Science and Technology Facilities Council
UK to build brain of SKAO telescopes
More than £15 million has been awarded to UK institutions which are delivering the crucial software ‘brain’ of the world’s largest radio telescope.
Artist’s impression of the SKA-Low telescope in Australia. These dipole antennas, which will number 131,072, will survey the radio sky in frequencies as low as 50Mhz. In the background are dishes of the ASKAP radio telescope, an SKA precursor (credit: SKAO).
The Square Kilometre Array Observatory (SKAO) is set to explore the evolution of the early Universe.
It will delve into the role of some the earliest processes in fashioning galaxies like our own Milky Way, among many other science goals.
From its headquarters in the UK, the SKAO will oversee the delivery and operations of two cutting-edge, complementary arrays with:
- 197 radio telescope dishes located in South Africa
- more than 130,000 low-frequency antennas in Western Australia.
Thinking power behind the instruments
Underpinning these incredible instruments is the thinking power of its software system.
The system tells the telescopes where to look and when, diagnosing any issues and translating the telescope signals into useable data from which discoveries can be made.
The UK has already played a vital role in the software for the telescopes during the design phase.
The UK is now set to continue leading this area as the telescopes are constructed.
Outstanding scientists shaping the future
Science Minister George Freeman said:
It is no surprise that the UK’s outstanding scientists are playing such a vital role in shaping the future of this cutting-edge global observatory, backed by £15 million government funding.
As well as providing the foundation for new galaxy-level discoveries, this award will help to guarantee future contracts for UK industry, secure skilled jobs and develop a highly-transferrable technology in the UK, channelling more money back into the UK economy.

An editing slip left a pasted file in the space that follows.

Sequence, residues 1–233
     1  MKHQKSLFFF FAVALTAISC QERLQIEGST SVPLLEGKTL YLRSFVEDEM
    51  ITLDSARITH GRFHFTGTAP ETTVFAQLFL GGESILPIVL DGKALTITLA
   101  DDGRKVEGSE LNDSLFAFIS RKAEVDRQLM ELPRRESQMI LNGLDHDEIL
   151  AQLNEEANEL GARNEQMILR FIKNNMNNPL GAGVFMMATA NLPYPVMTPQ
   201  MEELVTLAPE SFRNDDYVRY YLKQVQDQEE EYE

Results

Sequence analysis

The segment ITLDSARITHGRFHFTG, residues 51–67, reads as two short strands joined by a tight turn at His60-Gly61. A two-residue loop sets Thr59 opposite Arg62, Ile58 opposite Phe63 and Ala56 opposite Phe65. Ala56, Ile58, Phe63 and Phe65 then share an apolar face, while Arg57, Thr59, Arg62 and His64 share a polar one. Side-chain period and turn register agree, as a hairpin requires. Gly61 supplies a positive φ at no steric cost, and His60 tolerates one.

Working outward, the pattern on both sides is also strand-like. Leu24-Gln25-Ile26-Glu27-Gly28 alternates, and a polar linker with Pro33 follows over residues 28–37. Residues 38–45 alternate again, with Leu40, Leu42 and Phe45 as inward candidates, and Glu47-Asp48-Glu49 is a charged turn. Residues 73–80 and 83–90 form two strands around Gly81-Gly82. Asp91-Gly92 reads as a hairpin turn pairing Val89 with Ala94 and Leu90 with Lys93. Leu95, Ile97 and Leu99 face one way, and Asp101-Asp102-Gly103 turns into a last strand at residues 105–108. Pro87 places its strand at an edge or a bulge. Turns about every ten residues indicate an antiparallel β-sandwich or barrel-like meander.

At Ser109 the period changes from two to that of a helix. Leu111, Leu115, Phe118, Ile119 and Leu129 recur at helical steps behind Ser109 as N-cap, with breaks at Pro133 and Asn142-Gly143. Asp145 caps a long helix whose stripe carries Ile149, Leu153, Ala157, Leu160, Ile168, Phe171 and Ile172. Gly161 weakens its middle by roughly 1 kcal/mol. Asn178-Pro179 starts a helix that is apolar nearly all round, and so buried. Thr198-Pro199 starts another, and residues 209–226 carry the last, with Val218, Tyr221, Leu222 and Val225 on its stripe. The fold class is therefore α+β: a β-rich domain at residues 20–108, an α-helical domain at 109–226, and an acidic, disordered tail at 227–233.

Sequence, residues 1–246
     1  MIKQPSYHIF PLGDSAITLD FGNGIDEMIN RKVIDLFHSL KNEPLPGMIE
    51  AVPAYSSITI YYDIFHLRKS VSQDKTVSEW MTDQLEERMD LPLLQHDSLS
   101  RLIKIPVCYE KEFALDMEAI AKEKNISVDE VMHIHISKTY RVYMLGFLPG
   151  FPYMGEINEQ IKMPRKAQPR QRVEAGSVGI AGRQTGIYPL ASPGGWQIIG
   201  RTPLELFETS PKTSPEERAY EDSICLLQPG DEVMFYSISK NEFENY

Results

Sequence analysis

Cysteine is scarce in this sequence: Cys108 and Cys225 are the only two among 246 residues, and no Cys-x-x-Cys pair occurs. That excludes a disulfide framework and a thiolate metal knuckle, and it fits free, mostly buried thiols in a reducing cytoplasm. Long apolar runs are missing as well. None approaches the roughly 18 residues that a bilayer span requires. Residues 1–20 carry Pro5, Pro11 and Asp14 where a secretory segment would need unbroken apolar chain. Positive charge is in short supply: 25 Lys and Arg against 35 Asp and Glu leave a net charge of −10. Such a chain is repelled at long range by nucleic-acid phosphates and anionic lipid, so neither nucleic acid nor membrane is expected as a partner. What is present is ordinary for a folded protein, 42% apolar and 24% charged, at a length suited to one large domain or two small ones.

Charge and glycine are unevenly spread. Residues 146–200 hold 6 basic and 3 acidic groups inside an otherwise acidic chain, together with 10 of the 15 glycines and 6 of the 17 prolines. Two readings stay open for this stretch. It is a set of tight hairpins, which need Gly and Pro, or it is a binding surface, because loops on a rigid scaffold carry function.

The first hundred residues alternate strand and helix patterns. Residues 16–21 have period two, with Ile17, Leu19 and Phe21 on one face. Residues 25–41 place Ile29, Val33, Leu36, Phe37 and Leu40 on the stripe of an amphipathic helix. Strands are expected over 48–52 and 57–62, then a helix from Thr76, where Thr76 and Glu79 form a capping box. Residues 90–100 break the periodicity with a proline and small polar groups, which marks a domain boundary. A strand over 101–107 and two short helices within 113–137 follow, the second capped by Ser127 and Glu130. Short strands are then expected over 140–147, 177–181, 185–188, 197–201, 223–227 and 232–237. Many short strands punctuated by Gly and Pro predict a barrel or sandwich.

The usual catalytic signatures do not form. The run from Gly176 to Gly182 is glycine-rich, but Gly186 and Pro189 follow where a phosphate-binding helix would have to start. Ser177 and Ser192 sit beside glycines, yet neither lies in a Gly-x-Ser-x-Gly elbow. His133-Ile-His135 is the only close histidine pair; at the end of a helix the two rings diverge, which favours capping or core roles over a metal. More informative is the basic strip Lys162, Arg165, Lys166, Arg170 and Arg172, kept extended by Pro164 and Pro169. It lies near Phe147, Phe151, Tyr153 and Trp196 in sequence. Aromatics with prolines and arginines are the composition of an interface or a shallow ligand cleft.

This reflects the incredible skill of our science community, who are working hand-in-hand with industry to ensure the UK continues to grow as a global science superpower.
Software central nervous system of SKAO
The Science and Technology Facilities Council (STFC) has awarded more than £15 million to UK institutions to deliver the UK’s national contribution to software development during the construction project.
UK institutions include:
- University of Cambridge
- University of Manchester
- University of Oxford
- STFC’s Rutherford Appleton Laboratory (RAL), Harwell Campus
- STFC’s Daresbury Laboratory, Liverpool City Region
- STFC’s Astronomy Technology Centre (UK ATC), Edinburgh.
The SKAO headquarters is based at Jodrell Bank, near Manchester, and its expansion was co-funded by the UK government’s Department for Business, Energy, and Industrial Strategy (BEIS), through STFC.
The UK government, through STFC, is the largest contributor to the SKAO.
The government currently has a commitment to support 15% of the total cost of construction and initial operations from 2021 to 2030.
Leading role developing SKAO telescopes
Professor Mark Thomson, Executive Chair of STFC and member of the SKAO Council, said:
The UK continues to play a leading role in the SKAO and the development of its telescopes.
For any large scientific endeavour, the linchpin of its success lies in the infrastructure.
Without the power to process and organise the vast amounts of information these telescopes will gather, we could not make the important discoveries.
With the skills and expertise of our researchers and colleagues in industry, the UK will deliver the computing brain and nervous system of the telescopes to enable the observations and unlock the science.
Building the next generation of telescopes